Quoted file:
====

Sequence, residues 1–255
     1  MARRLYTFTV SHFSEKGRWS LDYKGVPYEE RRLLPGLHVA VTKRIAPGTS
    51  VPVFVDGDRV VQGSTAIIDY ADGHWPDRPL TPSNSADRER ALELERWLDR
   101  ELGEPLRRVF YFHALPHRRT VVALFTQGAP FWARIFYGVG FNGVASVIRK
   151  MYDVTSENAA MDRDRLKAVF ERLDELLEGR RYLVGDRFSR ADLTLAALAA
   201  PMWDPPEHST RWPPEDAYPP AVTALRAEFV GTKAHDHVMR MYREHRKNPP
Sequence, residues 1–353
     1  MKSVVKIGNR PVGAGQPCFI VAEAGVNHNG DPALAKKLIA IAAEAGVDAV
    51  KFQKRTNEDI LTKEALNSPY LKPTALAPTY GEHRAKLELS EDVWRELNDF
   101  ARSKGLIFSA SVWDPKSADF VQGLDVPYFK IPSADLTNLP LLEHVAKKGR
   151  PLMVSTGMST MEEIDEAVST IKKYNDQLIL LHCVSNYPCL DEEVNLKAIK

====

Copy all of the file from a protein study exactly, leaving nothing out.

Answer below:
Sequence, residues 1–255
     1  MARRLYTFTV SHFSEKGRWS LDYKGVPYEE RRLLPGLHVA VTKRIAPGTS
    51  VPVFVDGDRV VQGSTAIIDY ADGHWPDRPL TPSNSADRER ALELERWLDR
   101  ELGEPLRRVF YFHALPHRRT VVALFTQGAP FWARIFYGVG FNGVASVIRK
   151  MYDVTSENAA MDRDRLKAVF ERLDELLEGR RYLVGDRFSR ADLTLAALAA
   201  PMWDPPEHST RWPPEDAYPP AVTALRAEFV GTKAHDHVMR MYREHRKNPP
Sequence, residues 1–353
     1  MKSVVKIGNR PVGAGQPCFI VAEAGVNHNG DPALAKKLIA IAAEAGVDAV
    51  KFQKRTNEDI LTKEALNSPY LKPTALAPTY GEHRAKLELS EDVWRELNDF
   101  ARSKGLIFSA SVWDPKSADF VQGLDVPYFK IPSADLTNLP LLEHVAKKGR
   151  PLMVSTGMST MEEIDEAVST IKKYNDQLIL LHCVSNYPCL DEEVNLKAIK